Are Crossbow Hunters Killing Too Many Bucks?

crossbow for webBack in 2014, I blogged that Wisconsin was the latest major whitetail state to permit the use of the crossbow during the regular archery season. Since then, the crossbow season in the state has run concurrently with the archery season, typically mid-September through December.

One of the original complaints from traditionalists and vertical bowhunters at the time was that crossbow hunters would kill too many bucks. There is no denying that it is easier (and takes less practice) to kill a deer with a crossbow than with a compound or recurve.

Well, 5 years later, with crossbow technology having increased tenfold, turns out those fears might have been warranted.

WKOW in Madison reports that at a recent Wisconsin Natural Resources Board meeting, Director of Wildlife Management Eric Lobner reported that crossbow hunters today are killing a larger share of bucks.

The solution would be to “reduce your crossbow harvest by 5,000 to 6,000 animals.”

Lobner presented options for changing the crossbow season, such as ending the crossbow hunt earlier than bow season, to starting the crossbow season later, and even to banning the use of crossbows on weekends.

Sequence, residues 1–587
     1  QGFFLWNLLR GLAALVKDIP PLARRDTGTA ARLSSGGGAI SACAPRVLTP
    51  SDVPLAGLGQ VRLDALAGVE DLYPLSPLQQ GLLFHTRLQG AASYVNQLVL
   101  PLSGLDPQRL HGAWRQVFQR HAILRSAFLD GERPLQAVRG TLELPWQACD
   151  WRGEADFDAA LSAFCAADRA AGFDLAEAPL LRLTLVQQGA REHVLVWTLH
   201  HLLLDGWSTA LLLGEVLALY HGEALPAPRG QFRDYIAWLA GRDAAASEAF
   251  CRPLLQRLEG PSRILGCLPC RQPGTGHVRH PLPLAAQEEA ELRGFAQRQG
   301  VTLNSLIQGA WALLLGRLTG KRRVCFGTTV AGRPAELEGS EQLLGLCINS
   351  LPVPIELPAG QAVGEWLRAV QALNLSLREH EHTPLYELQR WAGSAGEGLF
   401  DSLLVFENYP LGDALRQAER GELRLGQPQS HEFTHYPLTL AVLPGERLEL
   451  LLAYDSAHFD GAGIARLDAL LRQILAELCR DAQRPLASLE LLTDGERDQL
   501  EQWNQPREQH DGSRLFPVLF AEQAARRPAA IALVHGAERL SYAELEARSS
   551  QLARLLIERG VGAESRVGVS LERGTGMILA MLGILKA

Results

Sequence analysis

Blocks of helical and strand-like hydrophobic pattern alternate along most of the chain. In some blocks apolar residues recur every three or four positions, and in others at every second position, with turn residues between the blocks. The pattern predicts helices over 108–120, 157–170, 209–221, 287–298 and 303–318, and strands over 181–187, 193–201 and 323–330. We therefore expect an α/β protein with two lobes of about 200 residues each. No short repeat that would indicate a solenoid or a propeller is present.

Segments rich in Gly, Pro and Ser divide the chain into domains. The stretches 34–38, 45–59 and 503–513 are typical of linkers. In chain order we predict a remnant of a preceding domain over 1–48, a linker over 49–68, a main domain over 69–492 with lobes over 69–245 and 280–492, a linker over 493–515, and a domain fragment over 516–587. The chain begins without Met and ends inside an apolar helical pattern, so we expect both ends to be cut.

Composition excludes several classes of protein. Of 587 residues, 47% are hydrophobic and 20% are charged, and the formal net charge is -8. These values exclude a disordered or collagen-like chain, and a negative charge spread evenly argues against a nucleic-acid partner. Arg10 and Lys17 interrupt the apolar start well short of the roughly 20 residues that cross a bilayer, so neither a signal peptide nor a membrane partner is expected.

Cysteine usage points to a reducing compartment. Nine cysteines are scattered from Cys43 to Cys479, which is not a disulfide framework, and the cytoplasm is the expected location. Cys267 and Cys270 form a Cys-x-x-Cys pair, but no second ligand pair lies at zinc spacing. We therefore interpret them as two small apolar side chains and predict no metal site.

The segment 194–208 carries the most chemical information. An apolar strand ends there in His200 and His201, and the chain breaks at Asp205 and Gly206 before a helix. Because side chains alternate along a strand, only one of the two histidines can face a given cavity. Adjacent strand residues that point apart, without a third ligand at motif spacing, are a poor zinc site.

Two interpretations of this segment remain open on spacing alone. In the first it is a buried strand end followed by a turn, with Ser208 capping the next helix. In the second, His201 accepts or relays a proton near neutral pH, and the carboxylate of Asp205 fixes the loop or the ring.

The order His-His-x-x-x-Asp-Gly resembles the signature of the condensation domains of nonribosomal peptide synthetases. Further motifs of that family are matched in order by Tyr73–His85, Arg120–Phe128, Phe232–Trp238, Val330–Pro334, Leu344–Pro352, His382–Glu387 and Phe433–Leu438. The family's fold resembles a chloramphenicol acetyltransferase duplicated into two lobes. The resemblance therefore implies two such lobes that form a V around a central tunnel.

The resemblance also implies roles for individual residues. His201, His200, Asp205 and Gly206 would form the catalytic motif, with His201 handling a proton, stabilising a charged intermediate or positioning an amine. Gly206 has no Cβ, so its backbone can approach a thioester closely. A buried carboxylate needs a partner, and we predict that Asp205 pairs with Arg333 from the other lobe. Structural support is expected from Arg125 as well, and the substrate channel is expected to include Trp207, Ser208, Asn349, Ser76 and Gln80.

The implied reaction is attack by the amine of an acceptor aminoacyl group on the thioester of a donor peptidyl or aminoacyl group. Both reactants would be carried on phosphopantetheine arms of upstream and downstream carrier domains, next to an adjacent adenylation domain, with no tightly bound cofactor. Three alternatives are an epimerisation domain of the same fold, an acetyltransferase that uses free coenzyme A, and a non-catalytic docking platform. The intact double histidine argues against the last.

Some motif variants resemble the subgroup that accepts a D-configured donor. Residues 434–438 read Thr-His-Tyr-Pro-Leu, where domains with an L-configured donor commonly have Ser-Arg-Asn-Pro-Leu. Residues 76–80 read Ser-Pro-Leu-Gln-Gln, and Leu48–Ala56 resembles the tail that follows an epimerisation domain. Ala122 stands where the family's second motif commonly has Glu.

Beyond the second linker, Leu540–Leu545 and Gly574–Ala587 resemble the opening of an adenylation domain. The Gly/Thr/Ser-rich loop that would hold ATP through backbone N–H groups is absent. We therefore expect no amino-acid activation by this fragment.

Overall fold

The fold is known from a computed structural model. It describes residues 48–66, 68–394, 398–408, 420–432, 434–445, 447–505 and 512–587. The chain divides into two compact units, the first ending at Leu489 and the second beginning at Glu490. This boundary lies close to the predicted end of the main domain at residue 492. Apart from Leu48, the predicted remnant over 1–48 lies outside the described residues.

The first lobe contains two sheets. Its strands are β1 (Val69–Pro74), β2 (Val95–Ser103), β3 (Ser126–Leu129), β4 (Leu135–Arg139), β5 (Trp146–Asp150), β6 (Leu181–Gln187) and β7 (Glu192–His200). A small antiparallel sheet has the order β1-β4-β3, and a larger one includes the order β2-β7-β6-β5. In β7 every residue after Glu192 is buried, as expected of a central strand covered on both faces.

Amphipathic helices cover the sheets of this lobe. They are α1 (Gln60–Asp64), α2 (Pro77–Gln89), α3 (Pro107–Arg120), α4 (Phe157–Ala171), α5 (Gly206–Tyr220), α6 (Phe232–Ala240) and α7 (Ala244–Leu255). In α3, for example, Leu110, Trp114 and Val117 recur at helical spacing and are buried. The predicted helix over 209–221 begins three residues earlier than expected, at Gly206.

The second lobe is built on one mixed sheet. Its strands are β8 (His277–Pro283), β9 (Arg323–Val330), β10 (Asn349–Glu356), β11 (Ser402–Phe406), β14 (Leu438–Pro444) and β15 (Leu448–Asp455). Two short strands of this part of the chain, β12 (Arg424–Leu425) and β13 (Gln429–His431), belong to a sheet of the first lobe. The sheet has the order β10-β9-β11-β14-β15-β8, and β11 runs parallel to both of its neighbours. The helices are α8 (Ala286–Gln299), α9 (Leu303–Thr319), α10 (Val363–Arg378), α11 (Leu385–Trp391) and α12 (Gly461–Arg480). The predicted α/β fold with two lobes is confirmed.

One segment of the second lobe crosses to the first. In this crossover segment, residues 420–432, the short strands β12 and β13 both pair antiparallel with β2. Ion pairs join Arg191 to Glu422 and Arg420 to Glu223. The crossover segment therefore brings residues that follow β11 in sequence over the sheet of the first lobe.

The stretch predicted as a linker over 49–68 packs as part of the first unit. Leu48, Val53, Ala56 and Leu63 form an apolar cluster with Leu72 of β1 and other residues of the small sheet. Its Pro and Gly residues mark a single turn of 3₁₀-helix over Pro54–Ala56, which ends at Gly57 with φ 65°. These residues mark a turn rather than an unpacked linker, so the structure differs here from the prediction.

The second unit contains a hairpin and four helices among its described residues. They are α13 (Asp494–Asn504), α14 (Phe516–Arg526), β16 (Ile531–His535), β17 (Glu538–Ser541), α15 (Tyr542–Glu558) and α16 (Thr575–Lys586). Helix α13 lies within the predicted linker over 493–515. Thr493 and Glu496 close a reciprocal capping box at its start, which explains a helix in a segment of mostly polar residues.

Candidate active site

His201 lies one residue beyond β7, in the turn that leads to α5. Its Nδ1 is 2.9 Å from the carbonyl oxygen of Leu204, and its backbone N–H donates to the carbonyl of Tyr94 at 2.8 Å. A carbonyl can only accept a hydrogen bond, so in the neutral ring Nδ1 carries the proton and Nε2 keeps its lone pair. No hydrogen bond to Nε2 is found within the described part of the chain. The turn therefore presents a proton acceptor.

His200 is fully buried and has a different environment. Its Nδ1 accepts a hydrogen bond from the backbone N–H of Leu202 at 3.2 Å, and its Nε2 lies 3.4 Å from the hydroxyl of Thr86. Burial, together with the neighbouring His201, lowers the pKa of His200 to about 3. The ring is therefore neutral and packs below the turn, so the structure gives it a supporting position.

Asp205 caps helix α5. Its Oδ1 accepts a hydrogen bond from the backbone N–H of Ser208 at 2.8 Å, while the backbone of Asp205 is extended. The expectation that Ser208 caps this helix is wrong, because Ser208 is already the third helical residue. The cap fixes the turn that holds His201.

Adding another layer to the controversy, complaints are coming from gun hunters as well as vertical bowhunters. Many gun hunters think crossbow hunters are killing too many bucks during the rut and before firearms season opens, lessening their chances.

At the center of the new crossbow debate is advanced technology. The improved power, range and efficiency of the crossbow combined with the long deer season accounts for the higher buck kill in WI.

Two things complicate this discussion even more: 1) the ongoing loss of people hunting and buying licenses these days; and 2) a concern for adding more red tape and confusion to the hunting regulations.

No doubt that expanded crossbow seasons, in WI and other states, have increased hunter participation and retention. If you restrict crossbow use, you will no doubt lose a number of hunters. With hunter numbers down significantly across the U.S., the hunting and conservation world cannot afford this.

Also, WI DNR data show that complicated and confusing game regulations and red tape drive people away and may reduce the number of people buying a hunting license, saying it’s not worth it anymore.

Upcoming public comment periods and hearings on proposed crossbow season changes are sure to be raucous and controversial, with both crossbow proponents and critics pounding their opinions and positions. And you can bet other state DNRs and hunting clubs are watching what happens in Wisconsin.

The new crossbow debate is back in 2019. How do you feel about it?

6 thoughts on “Are Crossbow Hunters Killing Too Many Bucks?

  1. Pa. legalized crossbows to all not just the handicapped about the same time as Wisconsin and we hear the same arguments here. Yes there is no doubt that archer numbers grew with the acceptance of crossbows as did the general deer harvest. I am in the camp of, ” if it increases effective human killing of game so be it” . My pal owns an archery pro shop he sells 15 crossbows to one compound most are to compound users whom decide to start using crossbows to be more effective,some do it because of aging, all agree it takes little practice to learn to use it.